South Africa’s Garden Route: What’s the Big Deal?

by Sandy Salle on August 8, 2017

If you’re into wildlife and nothing else, head straight for the Kruger or the Okavango Delta in Southern Africa, or go to Kenya and Tanzania for the Great Migration. But if you desire a much more diverse African travel experience, mix your game parks with a journey along South Africa’s Garden Route.

The Garden Route starts about a four-hour drive east of Cape Town and stretching roughly 200 miles along the Cape coast between Mossel Bay and Storms River. The name derives from its lush vegetation, a blend of forest, wetlands and native fynbos vegetation — a colorful mix of shrubs and heath found only in South Africa.

Landscapes aside — and the region is gorgeous — the Garden Route presents a tantalizing mix of nature, history, beaches and adventure, with a few classic African animals thrown in.

The region is now world-famous for close encounters of the great white kind, the adrenalin-packed act of crawling into a shark cage that’s lowered over the edge of a boat into the home waters of the planet’s most fearsome marine creature.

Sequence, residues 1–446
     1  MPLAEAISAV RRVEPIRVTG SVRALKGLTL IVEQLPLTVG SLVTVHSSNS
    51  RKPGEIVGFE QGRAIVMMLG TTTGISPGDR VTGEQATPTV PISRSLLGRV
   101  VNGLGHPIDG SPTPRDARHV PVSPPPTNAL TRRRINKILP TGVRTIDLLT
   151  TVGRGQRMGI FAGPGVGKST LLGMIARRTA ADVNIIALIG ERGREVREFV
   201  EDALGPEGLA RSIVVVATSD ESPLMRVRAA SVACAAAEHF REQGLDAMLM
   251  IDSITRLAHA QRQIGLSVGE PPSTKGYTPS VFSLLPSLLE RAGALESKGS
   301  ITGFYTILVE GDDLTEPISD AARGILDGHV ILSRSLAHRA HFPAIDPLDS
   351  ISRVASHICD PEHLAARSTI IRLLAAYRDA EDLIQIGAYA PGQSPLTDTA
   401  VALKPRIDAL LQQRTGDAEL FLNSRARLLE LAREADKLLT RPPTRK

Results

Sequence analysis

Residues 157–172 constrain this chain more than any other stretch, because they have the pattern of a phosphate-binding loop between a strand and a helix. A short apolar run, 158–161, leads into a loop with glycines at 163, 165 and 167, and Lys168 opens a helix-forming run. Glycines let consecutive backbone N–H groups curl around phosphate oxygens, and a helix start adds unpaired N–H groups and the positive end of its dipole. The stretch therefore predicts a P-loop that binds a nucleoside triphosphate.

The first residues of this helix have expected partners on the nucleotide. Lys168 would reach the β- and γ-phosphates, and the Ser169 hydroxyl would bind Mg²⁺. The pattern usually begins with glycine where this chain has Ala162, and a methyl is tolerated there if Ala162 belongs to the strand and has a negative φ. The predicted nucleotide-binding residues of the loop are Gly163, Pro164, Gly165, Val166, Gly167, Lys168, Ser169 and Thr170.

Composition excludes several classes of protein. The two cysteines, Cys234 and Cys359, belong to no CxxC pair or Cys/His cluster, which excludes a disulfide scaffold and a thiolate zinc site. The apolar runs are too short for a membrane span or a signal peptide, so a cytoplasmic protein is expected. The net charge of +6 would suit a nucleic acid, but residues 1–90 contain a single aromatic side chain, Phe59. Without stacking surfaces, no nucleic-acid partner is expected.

Even if your not keen on coming eyeball to eyeball with Jaws, there’s plenty of other animals to ogle off the Garden Route coast including whales, dolphins, sea lions and soft corals.

Adrenalin junkies can also spike their heart rate by leaping off the Bloukrans Bridge on the world’s highest commercial bungee jump — 709 feet of freefall as you race headfirst towards the Bloukrans River. Before bouncing back, of course.

There are amazing hikes too. There are easy day walks in Robberg Nature Reserve, as well as the 25-mile Otter Trail along the coast. The challenging Tsitsikamma Trail entails six days of hiking through the forested mountains behind the coast and sleeping in national service cabins scattered along the path.

Plettenberg Bay (or simply “Plett” to locals) is the Garden Route’s most celebrated beach resort. But there are plenty of other places to catch a little sun, sea and sand including a little slice of paradise called Nature’s Valley where yours might just be the only footsteps in the sand.

Some of the town are pretty cool too. In particular Knysna (silent “K”) with its funky waterfront area, lively arts and culture scene, outdoor adventure outfitters and annual events like the Pink Loerie Mardi Gras, Oyster Festival and Rastafarian Earth Fest.

The Garden Route really is a big deal. An unusual side of Africa, for sure. But very much in keeping with the diversity of landscapes, adventures and people that makes South Africa such an exciting place to visit. And Hills of Africa the people to plan your visit there.

{ 0 comments… add one now }

Leave a Comment

Previous post:

Next post: